Woman gets life for Northwest crime rampage

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Woman gets life for Northwest crime rampage
FILE - In this Oct. 11, 2011 file photo, Holly Grigsby, left, looks at her boyfriend, David "Joey" Pedersen, during an appearance in Yuba County Superior Court in Marysville, Calif. On Tuesday, July 15, 2014, a federal judge in Portland, Ore. sentenced Grigsby to life in prison for her role in a Pacific Northwest killing spree that authorities say was part of a white supremacist scheme. Pedersen is scheduled to be sentenced in August 2014. (AP Photo/Rich Pedroncelli, File)
FILE - This combination of booking photos provided by the Oregon State Police on Oct. 6, 2011 shows Holly Grigsby, left, and David Joseph Pedersen. On Tuesday, July 15, 2014, a U.S. judge sentenced Grigsby to life in prison for her role in a Pacific Northwest killing spree that authorities say was part of a white supremacist scheme. Pedersen is scheduled to be sentenced in August 2014. (AP Photo/Oregon State Police, File)
Holly Grigsby, left, is shown on a video monitor as she sits with her attorney, Pete Mazzone, as she appears in court via a video link to the Snohomish County Jail, Wednesday, Oct. 19, 2011, in Everett, Wash. Grigsby pleaded not guilty to two counts of aggravated murder. She and her boyfriend, David "Joey" Pedersen, are charged in the deaths of Pedersen's father, David "Red" Pedersen, and his wife, Leslie Pedersen, in Everett around Sept. 26. (AP Photo/Ted S. Warren)
David "Joey" Pedersen, 31, center, talks with public defender Benjamin Wirtschafter as Pedersen's girlfriend, Holly Grigsby, 24, left, looks on during an appearance in Yuba County Superior Court in Marysville, Calif., Tuesday, Oct. 11, 2011 where the couple waived their right to an extradition hearing. The couple will be returned to Washington state within a month to face charges related to the death of Pedersen's father, who had been shot, and stepmother, who had her throat slit. In interviews with police and a reporter, the pair acknowledged killing a man in Oregon they thought was Jewish and a black man in California. (AP Photo/Rich Pedroncelli)
These booking photos released by the Oregon State Police, on Thursday, Oct. 6, 2011, show David Joseph Pedersen. Two people suspected in the death of a Washington woman have been issued fugitive warrants by the states of Oregon and Washington and will face arraignments in California on Friday. David Joseph Pedersen and his girlfriend, Holly Grigsby, were stopped Wednesday afternoon north of Sacramento. They are suspects in the death of Pedersen's stepmother in Everett, Wash., and have been named persons of interest in the slaying of an Oregon teenager.(AP Photo/Yuma County, California Sheriff's Office)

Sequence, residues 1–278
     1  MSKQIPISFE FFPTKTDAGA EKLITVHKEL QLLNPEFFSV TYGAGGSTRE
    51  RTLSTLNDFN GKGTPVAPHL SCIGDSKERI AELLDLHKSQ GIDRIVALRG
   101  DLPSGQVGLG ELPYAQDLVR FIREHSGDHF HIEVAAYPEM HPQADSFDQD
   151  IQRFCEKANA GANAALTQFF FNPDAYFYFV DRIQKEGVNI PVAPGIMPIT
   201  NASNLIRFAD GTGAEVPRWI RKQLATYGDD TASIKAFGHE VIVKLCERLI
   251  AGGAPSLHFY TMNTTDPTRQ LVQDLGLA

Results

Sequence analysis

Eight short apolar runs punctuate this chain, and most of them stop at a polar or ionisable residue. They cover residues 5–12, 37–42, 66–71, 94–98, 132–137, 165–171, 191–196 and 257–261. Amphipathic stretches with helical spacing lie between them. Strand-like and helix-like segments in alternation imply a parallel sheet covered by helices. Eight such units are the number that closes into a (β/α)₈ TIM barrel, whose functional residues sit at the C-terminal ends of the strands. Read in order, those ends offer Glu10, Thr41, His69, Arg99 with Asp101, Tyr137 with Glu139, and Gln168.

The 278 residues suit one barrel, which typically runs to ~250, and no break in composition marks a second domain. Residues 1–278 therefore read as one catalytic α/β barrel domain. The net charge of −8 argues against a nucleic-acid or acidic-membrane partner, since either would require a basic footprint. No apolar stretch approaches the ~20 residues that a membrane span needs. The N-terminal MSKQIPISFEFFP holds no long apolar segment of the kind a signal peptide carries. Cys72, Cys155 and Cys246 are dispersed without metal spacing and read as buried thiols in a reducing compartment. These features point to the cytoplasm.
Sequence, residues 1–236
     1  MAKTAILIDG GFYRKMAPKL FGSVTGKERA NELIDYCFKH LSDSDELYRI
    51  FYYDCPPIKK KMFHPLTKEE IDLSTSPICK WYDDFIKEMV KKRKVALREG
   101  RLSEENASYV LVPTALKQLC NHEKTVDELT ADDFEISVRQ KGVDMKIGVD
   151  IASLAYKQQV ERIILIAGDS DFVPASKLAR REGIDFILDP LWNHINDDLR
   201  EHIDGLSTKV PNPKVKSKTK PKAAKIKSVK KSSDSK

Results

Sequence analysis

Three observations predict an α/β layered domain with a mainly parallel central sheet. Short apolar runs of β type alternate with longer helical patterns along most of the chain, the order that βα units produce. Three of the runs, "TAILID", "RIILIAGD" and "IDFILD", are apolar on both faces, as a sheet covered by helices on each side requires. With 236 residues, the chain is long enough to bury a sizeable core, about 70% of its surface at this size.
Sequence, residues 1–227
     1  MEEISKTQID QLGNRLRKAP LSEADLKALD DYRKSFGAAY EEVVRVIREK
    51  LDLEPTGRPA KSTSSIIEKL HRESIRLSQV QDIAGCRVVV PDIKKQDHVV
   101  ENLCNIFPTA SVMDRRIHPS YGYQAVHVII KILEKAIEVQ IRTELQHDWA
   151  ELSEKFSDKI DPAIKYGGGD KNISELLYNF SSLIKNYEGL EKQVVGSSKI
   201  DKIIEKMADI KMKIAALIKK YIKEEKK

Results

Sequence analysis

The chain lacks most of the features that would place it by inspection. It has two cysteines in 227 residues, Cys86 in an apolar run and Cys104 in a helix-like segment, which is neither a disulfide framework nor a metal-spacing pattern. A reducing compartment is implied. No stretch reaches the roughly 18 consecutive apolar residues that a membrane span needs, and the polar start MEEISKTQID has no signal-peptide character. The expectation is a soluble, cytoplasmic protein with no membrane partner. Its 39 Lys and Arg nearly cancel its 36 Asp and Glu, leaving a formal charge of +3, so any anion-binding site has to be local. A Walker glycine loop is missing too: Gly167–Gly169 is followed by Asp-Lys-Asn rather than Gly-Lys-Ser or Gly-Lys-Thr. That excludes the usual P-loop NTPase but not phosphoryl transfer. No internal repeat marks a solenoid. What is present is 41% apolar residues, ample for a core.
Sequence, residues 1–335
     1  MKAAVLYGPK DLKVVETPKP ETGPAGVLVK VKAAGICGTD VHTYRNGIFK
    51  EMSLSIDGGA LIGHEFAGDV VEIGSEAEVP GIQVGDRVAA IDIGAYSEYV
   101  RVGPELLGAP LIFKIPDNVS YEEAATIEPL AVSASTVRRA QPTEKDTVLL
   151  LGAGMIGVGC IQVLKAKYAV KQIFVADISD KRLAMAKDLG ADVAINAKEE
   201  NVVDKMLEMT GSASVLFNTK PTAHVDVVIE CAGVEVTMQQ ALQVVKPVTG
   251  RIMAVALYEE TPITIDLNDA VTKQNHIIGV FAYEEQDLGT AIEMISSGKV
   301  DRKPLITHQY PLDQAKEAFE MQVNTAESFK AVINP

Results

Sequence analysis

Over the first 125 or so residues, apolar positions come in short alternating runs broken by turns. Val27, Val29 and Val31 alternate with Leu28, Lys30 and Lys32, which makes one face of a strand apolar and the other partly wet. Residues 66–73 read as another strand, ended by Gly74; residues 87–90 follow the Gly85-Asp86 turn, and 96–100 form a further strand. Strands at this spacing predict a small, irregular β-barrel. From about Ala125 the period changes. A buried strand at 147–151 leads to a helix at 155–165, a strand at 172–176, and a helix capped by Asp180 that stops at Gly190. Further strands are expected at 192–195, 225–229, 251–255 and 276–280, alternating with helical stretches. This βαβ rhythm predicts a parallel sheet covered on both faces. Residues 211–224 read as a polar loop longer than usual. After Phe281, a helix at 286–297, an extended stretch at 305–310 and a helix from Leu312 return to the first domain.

These booking photos released by the Oregon State Police, on Thursday, Oct. 6, 2011, show Holly Grigsby. Two people suspected in the death of a Washington woman have been issued fugitive warrants by the states of Oregon and Washington and will face arraignments in California on Friday. David Joseph Pedersen and his girlfriend, Holly Grigsby, were stopped Wednesday afternoon north of Sacramento. They are suspects in the death of Pedersen's stepmother in Everett, Wash., and have been named persons of interest in the slaying of an Oregon teenager. (AP Photo/Yuma County, California Sheriff's Office)
In this undated photo provided Oct. 4, 2011, by the Everett Police Department shows Holly Grigsby. Authorities say two people suspected in the killing of an Everett, Wash., woman last week are now wanted in the disappearance of an Oregon teenager. Police in Oregon and Washington identified the two suspects Tuesday as 31-year-old David Joseph Pedersen and 24-year-old Holly Grigsby. Oregon State Police Lt. Gregg Hastings says the two are believed to have been in a car Sunday owned by 19-year-old Cody Myers, of Lafayette. He disappeared after leaving for a weekend jazz festival in the Oregon coastal town Newport. (AP Photo/Everett Police Department)